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Defense rests in Sandusky trial; closing arguments set for Thursday

Former Penn State assistant football coach Sandusky arrives at the Centre County Courthouse in Bellefonte Reuters

Three days was all it took for the defense to present its case in the Jerry Sandusky trial, one day less than the shorter-than-anticipated presentation by the prosecution. In all, the Sandusky trial should conclude about a week ahead of the original schedule. 

Relatively speaking, the defense made considerable strides in the past two days after getting thoroughly punished by the prosecution in Week 1. Though Sandusky’s lawyer Joe Amendola has had essentially no retort to the allegations by alleged victims, attempts to poke holes in the credibility of witnesses and testimonies finally gained traction yesterday and today.

As a result, Sandusky himself did not testify, despite the hint from Amendola last week that perhaps he would. Frankly, it was the only decision, as a testimony by Sandusky surely would have nullified everything the defense had done over the past 36 hours.

Amendola wasn’t desperate enough to risk sending his client to the stand. The defense closed strongly today — or, about as strongly as they possibly could outside of, say, an alibi — with a testimony from Dr. Jonathan Dranov, a family friend and colleague of John McQueary, Mike McQueary‘s father.

The testimony from Dranov corroborates a Patriot-News report last December that states Dranov was present at the conversation between McQueary and his father after the then-graduate assistant allegedly saw Sandusky and a young boy (alleged Victim 2) in the showers of an on-campus facility in 2001.

McQueary is a central figure in the Sandusky scandal, yet his account of the alleged incident has changed since his testimony for the grand jury indictment, so it shouldn’t be much of a surprise that the defense called Dranov to the stand on the final day. Additionally, the defense presented a letter that shows McQueary went to a charity event hosted by Sandusky after 2001.

The cornerstone of that original grand jury indictment against Sandusky was the allegation involving alleged Victim 2, yet he did not testify during Sandusky’s trial and McQueary’s credibility is sketchy.  It’s as close as the defense has come to completely refuting an alleged incident of abuse.

The amount of overall evidence against Sandusky, who faces 51 counts related to child-sex abuse, is tough to overlook, but all the defense needed to do was place some amount of doubt in the minds of the jurors.

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7 Responses to “Defense rests in Sandusky trial; closing arguments set for Thursday”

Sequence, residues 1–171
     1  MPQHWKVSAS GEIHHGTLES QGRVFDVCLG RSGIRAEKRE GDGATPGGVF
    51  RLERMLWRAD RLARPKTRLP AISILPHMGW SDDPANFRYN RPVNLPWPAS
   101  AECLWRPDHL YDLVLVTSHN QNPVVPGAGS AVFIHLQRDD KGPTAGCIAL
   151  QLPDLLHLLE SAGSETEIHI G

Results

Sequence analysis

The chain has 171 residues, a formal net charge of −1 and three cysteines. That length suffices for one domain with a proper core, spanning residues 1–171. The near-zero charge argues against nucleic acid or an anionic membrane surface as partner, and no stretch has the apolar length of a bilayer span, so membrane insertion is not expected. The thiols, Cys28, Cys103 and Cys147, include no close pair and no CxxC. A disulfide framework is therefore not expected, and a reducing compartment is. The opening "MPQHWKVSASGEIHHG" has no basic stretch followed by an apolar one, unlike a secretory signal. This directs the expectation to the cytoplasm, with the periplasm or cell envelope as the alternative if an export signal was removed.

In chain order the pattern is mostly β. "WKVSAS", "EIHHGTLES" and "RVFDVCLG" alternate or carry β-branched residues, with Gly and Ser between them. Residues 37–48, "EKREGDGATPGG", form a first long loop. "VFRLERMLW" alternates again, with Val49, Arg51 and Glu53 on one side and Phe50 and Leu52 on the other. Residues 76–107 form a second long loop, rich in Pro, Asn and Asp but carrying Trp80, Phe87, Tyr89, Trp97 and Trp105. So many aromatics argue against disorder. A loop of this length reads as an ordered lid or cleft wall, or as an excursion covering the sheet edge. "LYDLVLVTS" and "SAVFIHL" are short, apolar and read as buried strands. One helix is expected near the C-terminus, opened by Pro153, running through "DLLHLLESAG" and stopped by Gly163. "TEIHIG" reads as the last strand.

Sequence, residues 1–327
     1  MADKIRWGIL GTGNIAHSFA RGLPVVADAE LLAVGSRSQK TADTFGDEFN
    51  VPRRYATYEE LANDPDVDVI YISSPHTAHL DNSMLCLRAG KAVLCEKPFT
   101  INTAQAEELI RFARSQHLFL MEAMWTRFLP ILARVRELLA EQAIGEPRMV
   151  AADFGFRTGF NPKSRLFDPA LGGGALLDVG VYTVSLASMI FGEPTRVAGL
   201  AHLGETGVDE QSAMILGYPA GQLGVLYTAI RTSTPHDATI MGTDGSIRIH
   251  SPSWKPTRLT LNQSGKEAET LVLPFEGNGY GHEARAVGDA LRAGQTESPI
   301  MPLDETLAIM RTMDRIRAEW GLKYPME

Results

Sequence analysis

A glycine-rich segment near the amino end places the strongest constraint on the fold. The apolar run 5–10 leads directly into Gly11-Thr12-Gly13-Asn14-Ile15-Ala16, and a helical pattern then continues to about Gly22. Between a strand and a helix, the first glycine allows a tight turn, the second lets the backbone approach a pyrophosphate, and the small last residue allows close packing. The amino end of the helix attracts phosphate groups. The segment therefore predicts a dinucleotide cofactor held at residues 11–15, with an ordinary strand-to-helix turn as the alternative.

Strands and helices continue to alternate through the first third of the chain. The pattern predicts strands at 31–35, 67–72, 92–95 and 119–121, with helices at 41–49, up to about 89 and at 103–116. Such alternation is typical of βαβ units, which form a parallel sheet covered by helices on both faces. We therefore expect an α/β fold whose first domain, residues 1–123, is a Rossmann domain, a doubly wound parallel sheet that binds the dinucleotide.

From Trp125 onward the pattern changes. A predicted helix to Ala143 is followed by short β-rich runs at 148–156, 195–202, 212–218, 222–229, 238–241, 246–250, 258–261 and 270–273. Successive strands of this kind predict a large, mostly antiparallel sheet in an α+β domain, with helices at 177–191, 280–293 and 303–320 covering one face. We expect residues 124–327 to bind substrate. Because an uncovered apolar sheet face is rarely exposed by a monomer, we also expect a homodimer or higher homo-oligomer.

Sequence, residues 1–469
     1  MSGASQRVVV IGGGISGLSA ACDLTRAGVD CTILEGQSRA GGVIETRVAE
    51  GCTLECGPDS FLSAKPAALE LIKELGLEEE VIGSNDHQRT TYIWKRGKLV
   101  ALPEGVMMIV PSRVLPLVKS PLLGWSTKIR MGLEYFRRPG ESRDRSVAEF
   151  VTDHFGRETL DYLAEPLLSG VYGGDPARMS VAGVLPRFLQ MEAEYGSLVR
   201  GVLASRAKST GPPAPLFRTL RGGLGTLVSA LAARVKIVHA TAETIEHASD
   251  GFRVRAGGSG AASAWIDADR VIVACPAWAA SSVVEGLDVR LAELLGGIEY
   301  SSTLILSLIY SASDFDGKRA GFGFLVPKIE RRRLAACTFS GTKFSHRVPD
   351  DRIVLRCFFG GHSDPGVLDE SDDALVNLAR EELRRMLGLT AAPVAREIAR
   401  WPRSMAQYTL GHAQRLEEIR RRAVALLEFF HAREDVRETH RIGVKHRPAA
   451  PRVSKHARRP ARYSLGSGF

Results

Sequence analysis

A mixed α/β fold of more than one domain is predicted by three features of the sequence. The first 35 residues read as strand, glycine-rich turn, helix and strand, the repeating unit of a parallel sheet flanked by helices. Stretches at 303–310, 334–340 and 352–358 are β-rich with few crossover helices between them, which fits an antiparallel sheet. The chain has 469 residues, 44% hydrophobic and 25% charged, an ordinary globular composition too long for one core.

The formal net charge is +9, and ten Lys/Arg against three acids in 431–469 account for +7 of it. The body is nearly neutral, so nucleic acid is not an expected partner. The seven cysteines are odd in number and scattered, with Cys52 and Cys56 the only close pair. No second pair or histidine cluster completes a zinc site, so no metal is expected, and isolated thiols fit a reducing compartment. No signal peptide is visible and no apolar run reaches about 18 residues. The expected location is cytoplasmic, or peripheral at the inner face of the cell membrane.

1. dkhhuey says: Jun 20, 2012 1:21 PM

    Well this is going to be a very interesting next few days. I gotta believe this man gets what he deserves but there is no guarantee that a hung jury scenario won’t play out.

  2. pictureamerica says: Jun 20, 2012 1:28 PM

    Hello. As I see it, evil exists. So many people believe evil does not exist. Bad people exist. Not only is their coduct bad, they are bad people. Some say those whose account of events here are bad people. Some say those here who hire attys. with respect to civil matters are bad people. Some say uppity young boys here who are not courteous to adults are bad people. Here is what I say if not censored by this news entity: I say assistant football coaches at Penn State University who stick their private parts into the mouths of children, and who put the private parts of children into their mouths, and who force their private parts inside the bodies of children are bad people. Are there witness rules in Court? Can a witness tell the whole truth and describe conduct in words about what was done to him? Can a prosecutor under court rules ask a suspect: “did you ever put your private parts into the mouth or inside the body of victim (the young boy’s name). Now, keep in mind Mr. Suspect you are under oath.” This sort of language is like a rainbow when compared to the hurricane of evil conduct over decades by this assistant football coach. JOHN LONGENECKER

  3. trojan33sc says: Jun 20, 2012 1:29 PM

    Just flush this SOB down the drain and good riddance !!!! That way we don’t have to read more PFT postings on this piece of sh*_# !!!

  4. onceuponatimeinsports says: Jun 20, 2012 2:13 PM

    Hopefully the prosecution will play the entire NBC audio tape of his interview with Costas in rebuttal.

    That ought to about do it…

  5. cw3214 says: Jun 20, 2012 7:18 PM

    He was accused of this at Penn State, his home, and a high school. If this man gets off because of McQuery it’s a crying shame

  6. ironhawk says: Jun 20, 2012 8:51 PM

    The evidence is irrelevant. The jury is stacked with Penn State fans. They will find him innocent to make the scandal go away.

  7. hushbrother says: Jun 21, 2012 12:00 PM

    It would take a hell of a lot more than that to convince me he’s not guilty.

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